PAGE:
Unlike a meaningful carbon tax, we already know how to implement such approaches. For example, the acid rain allowance trading program produced virtually 100% compliance by fossil-fired electric utility units, based on electronically reported continuous emissions monitoring and direct reductions plus covering allowances.
The E.U. emissions trading system largely adopted that approach, correcting for an initial emissions cap inflated by too many legacy allowances. Where continuous emissions monitoring is impractical, continuous parameter monitoring of throughputs—plus satellite monitoring of methane or other emissions—now can step in. And analyses have found that trades generate hotspots only when market geography and participants are limited, and thick markets tend to mitigate existing pollutant concentrations.
Resulting insights have been reflected in low carbon fuel standards (LCFS) to reduce transportation-sector CO2 emissions and a rising national renewable portfolio (clean energy) standard that would eliminate or sharply reduce electric-utility CO2 emissions coast-to-coast.
Emissions trading may not work perfectly if, as with, say, sulfur dioxide, precisely where and how discharges are emitted may determine resulting pollution concentrations. But those situations are the opposite of the case for cost-effective trade-based reduction of carbon emissions whose pertinent atmospheric effects are the same wherever they occur.
Finally, there is the great climate unmentionable —long-lived legacy emissions that comprise most CO2-e concentrations in the atmosphere.
It seems increasingly clear that even more-ambitious Paris commitments to reduce what is added to those concentrations going forward may not be enough to avert severe effects. Securing going-forward reductions sufficient to compensate for failures to deal with legacy emissions would overprice such reductions.
Attempts to reduce those concentrations by conventionally taxing current emissions plus many industrial facilities’ million+ tons/year accumulated carbon emissions back to the 1970s would seem to be a non-starter. But here, too, there are models with lessons learned—judicially-affirmed federal and state Superfund programs meant, however imperfectly, to hold to account entities responsible for past contamination.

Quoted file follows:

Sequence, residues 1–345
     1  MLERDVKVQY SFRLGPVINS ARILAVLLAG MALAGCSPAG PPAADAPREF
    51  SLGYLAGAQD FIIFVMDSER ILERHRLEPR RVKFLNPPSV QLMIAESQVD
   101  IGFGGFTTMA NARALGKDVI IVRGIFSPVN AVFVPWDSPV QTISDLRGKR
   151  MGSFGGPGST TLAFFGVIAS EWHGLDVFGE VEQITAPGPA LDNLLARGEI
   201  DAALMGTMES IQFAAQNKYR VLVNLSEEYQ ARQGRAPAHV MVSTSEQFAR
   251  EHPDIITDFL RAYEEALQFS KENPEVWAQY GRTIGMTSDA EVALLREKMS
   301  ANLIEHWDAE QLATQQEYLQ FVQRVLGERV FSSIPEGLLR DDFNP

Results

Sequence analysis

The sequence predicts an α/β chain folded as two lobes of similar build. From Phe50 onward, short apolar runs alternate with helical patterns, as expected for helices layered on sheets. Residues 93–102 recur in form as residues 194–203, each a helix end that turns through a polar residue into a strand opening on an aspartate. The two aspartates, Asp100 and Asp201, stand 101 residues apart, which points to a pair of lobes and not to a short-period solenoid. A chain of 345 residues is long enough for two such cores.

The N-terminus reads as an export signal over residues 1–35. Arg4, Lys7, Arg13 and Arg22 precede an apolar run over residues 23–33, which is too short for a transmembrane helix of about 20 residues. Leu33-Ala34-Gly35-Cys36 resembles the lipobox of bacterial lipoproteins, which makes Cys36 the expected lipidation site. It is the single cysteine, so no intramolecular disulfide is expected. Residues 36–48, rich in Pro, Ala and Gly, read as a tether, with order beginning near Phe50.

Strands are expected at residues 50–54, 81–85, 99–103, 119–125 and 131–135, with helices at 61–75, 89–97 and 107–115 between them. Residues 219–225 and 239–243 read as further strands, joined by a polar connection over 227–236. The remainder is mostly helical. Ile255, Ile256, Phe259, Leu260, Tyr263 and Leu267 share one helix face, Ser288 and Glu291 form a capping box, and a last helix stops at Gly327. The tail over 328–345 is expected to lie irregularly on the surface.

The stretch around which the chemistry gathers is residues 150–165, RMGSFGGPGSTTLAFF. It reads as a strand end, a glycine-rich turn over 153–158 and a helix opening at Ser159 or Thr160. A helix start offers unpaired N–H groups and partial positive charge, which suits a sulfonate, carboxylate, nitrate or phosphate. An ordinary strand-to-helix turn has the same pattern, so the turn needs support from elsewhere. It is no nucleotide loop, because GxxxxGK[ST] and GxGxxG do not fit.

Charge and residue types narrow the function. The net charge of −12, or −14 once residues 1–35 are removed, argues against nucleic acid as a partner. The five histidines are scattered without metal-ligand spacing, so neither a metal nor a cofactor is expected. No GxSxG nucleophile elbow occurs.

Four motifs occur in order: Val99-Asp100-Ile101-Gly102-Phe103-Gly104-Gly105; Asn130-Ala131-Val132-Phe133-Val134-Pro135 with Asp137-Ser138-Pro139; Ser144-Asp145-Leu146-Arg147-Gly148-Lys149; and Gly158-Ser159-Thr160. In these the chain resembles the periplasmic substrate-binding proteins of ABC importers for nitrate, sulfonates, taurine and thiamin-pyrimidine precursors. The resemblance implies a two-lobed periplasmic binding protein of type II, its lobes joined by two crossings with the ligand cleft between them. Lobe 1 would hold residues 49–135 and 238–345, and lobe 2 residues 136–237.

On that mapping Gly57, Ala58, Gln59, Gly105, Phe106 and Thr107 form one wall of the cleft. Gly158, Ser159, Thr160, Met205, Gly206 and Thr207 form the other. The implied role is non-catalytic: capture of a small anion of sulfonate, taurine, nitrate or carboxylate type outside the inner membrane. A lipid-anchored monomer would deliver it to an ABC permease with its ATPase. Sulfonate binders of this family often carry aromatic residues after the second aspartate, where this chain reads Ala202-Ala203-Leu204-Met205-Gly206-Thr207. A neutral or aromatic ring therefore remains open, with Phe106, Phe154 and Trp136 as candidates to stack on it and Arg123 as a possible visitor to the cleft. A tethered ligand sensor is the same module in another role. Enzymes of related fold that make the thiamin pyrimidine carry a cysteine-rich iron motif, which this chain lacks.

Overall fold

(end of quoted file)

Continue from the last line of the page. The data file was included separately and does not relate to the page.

We now know, for example, that an upfront cleanup fund financed by low-interest tax-exempt bonds could avert long remediation delays from responsible-party battles over who bears what costs. We know such a revolving fund could finance multiyear scheduled payments that mitigate legacy remediation assessments—and that an emission trading-type offsets approach may drive faster or better cleanups.
Such comprehensive steps may not be imminent for carbon. Still, an approach that grants government-backed advance credits for removing carbon from the air could start to put a dent in legacy emissions by helping deploy such technologies.
This column does not necessarily reflect the opinion of The Bureau of National Affairs, Inc. or its owners.
Michael H. Levin, former national regulatory reform director at the EPA, is managing member of the Michael H. Levin Law Group PLLC in Washington, D.C., and a principal in NLGC LLC and Solar Shield LLC, which respectively focus on capital formation for renewable-energy projects and development of residential rooftop solar facilities. He is also a contributing editor to BioCycle Magazine.
Alan P. Loeb, an environmental technology historian who was senior attorney to EPA’s lead-phasedown program, assisted with this article.